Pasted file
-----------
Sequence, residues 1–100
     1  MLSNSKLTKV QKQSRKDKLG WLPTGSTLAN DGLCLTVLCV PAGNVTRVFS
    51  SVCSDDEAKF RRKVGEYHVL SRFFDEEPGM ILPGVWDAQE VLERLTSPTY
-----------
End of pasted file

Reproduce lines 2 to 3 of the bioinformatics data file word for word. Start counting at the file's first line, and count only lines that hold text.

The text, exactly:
     1  MLSNSKLTKV QKQSRKDKLG WLPTGSTLAN DGLCLTVLCV PAGNVTRVFS
    51  SVCSDDEAKF RRKVGEYHVL SRFFDEEPGM ILPGVWDAQE VLERLTSPTY